The two things this movie really has going for it are A). the author of the book that the film is based on also wrote the screenplay, and B). that author is William Goldman. Now obviously there are things that are different between the book and the movie, and I’m not going to get into all that because the book isn’t the point. The point is that William Goldman knows how to write a good screenplay. Where other book-to-movie adaptations fail in the clinch due to clunky exposition and mishandled priorities, Bride rises above all this because it’s free of the studio-bought screenwriter prat falling his way through a story he neither knows nor cares about, or an arrogant author-screenwriter trying to cram as much of his “vision” into the film regardless of its overall relevance to the plot. Goldman understood not only the central point of his own book but also the point Rob Reiner was trying to make and the way he was interpreting Goldman’s work for the purposes of film. In a move that may look like selling out, but to me demonstrates a realistic and self-effacing approach to one’s own art, Goldman trimmed away the embellishments from his novel to give Reiner the excellent screenplay that his movie called for and that we deserved to see. It’s that stroke of genius that makes me legitimately sad when I think of all the wasted potential in some of these book adaptations we keep seeing today.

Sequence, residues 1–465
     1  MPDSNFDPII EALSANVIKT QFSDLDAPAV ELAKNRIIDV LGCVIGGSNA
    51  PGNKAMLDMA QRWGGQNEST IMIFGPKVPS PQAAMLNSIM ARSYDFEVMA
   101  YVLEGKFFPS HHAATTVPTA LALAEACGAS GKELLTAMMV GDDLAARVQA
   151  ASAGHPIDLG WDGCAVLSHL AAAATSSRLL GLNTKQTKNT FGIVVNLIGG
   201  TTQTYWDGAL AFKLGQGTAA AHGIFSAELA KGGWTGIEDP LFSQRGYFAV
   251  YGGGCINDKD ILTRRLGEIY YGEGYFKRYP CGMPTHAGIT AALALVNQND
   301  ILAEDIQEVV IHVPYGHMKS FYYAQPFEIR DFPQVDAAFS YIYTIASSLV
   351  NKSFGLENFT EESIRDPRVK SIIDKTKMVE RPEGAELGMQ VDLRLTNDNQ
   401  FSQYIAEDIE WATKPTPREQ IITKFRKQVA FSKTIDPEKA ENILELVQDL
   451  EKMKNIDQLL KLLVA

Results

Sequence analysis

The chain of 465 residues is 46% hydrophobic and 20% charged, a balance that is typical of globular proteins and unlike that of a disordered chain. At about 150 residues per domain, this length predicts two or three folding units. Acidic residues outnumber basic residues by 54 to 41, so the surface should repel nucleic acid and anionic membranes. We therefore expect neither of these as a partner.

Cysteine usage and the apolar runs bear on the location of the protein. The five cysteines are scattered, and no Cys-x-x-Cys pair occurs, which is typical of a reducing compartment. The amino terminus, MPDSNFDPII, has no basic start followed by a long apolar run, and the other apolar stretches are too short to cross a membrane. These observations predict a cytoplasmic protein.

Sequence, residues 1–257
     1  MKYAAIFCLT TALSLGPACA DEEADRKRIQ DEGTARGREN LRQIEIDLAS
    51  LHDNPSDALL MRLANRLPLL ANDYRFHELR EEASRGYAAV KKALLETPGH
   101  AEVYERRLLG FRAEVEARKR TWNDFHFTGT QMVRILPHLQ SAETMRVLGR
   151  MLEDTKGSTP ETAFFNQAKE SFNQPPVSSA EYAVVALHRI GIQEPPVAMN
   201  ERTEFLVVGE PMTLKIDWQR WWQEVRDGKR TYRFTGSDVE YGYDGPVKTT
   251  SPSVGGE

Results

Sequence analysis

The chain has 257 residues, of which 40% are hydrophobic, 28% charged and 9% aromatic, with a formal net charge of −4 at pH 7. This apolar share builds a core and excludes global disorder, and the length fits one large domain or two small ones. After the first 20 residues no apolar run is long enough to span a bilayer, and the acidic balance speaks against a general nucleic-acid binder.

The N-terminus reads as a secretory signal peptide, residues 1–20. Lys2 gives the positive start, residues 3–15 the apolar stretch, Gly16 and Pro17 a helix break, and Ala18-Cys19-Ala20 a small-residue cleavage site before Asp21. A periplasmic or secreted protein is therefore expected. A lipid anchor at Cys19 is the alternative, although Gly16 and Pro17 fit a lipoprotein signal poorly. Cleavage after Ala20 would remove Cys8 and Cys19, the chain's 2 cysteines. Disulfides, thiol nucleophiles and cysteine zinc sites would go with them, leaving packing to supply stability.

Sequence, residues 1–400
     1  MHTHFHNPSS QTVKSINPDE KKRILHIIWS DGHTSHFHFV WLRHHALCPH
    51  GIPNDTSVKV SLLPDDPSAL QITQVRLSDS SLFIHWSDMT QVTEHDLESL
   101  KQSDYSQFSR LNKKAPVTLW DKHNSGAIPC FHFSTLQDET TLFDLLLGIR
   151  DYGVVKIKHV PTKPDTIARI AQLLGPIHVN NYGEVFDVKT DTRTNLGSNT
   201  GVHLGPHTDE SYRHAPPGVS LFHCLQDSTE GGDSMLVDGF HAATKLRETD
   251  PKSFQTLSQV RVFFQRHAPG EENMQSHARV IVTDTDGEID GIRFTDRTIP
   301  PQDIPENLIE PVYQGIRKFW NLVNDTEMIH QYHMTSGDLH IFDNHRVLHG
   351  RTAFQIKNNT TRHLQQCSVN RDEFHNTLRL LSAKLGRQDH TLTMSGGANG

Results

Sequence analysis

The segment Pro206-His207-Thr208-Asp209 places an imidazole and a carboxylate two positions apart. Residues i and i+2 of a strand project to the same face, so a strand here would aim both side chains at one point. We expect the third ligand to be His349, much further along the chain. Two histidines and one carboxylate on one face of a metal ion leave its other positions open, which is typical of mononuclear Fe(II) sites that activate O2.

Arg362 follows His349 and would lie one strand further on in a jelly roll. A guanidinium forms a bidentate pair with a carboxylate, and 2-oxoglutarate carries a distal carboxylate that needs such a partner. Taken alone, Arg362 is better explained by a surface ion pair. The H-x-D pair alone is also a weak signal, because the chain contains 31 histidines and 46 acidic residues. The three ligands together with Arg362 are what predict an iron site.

To name a few...

What I always loved most about this film were the characters and witty banter, but as I’ve continued watching it through the years what I came to really respect about it was that tongue-in-cheek observation of the romantic story and all its inherent tropes. Upon watching it again for this review, I realized that Bride also presents us with a story about narratives in general and the way that, regardless of their original shape and direction, they can be edited by the “reader” to become something else entirely.